If the cell stores a logic 1, the first logic level is equal to VDD which is a supply potential of the cell, and the second logic level is equal to a ground potential, for example. Inversely, if the cell stores a logic 0, the first logic level is equal to the ground potential and the second logic level is equal to the potential VDD, for example.

The first storage circuit MS1 comprises an input E1 and an output E2 storing respectively the first level and the second level. The second storage circuit comprises an input E2 and an output S2 storing respectively the second level and the first level.

The cell also has access means or circuit for read and write access to the first storage circuit and the second storage circuit. In the example of FIG. 2, the access circuit comprises a transistor T7 and a transistor T8. The transistor T7 has a drain connected to the input of the first storage circuit and an access signal WL is applied to its control gate. The transistor T8 has a drain connected to the input of the second storage circuit and the access signal WL is applied to its gate.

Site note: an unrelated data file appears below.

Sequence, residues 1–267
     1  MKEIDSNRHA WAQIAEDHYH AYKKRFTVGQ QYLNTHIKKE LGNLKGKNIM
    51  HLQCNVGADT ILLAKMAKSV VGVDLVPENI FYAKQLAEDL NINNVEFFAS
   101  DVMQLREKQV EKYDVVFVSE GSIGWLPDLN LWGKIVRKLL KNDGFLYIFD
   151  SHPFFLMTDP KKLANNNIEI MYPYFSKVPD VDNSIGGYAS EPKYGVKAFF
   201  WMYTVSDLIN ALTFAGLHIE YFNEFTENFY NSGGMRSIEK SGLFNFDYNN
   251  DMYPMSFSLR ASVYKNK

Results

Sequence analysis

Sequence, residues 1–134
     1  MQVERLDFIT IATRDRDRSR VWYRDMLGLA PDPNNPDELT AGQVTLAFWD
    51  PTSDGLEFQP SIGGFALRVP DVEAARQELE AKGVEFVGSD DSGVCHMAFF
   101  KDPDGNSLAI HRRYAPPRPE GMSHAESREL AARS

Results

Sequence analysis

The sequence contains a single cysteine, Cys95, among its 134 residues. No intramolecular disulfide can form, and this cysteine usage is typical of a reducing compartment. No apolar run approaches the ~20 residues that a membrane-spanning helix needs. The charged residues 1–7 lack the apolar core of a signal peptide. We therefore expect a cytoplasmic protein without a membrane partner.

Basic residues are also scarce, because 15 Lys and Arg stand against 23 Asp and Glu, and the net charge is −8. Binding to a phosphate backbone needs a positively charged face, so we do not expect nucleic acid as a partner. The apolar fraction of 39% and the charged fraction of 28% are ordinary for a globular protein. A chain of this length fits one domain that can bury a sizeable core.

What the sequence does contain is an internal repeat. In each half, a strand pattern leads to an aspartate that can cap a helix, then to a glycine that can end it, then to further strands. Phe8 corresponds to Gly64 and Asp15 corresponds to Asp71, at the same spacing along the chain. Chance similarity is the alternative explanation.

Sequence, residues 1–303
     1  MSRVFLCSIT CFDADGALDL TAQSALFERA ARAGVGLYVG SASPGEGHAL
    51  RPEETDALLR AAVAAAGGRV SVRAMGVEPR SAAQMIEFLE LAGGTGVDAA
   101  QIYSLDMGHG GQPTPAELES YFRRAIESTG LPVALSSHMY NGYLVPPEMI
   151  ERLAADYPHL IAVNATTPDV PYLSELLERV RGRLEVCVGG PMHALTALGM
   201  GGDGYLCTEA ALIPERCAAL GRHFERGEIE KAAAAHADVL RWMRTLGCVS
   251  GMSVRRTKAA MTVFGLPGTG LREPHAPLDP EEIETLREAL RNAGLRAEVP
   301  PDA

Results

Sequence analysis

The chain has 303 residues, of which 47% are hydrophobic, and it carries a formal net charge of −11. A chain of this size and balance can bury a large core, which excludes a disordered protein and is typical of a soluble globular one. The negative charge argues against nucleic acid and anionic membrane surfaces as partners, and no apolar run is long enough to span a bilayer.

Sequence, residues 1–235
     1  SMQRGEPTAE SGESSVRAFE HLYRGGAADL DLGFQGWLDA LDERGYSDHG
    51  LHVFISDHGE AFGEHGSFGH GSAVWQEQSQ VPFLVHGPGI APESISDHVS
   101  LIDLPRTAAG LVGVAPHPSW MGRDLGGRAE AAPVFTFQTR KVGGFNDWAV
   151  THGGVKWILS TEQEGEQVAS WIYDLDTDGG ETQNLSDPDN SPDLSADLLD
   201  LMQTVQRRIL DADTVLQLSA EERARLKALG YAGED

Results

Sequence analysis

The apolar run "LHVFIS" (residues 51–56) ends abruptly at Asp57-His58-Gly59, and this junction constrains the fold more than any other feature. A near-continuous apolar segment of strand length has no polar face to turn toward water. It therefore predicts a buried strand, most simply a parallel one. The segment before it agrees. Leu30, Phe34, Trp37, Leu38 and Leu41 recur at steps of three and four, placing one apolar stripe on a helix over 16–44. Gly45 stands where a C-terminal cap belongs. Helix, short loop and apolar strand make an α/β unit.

In the cell of FIG. 1 b, the first storage circuit comprises a transistor of a first type T11 and a transistor of a second type T12. The transistor of the first type T11 has one gate connected to the input of the storage circuit, and one channel connected between a first supply terminal VDD and the output of the storage circuit. The transistor of the second type T12 has one gate connected to the output of the storage circuit, and one channel connected between the input of the storage circuit and a second power supply terminal GND.

The transistors T11, T12 are thus connected back-to-front relative to each other. The gate of the transistor T11 and the drain of the transistor T12 are connected together to the input E1 of the first storage means. The gate of the transistor T12 and the drain of the transistor T11 are connected together to the output S1 of the first storage means. The supply potential VDD is applied to the source of the transistor T11, and the source of the transistor T12 is grounded. The second storage means are made according to a similar scheme and comprise two transistors T21, T22.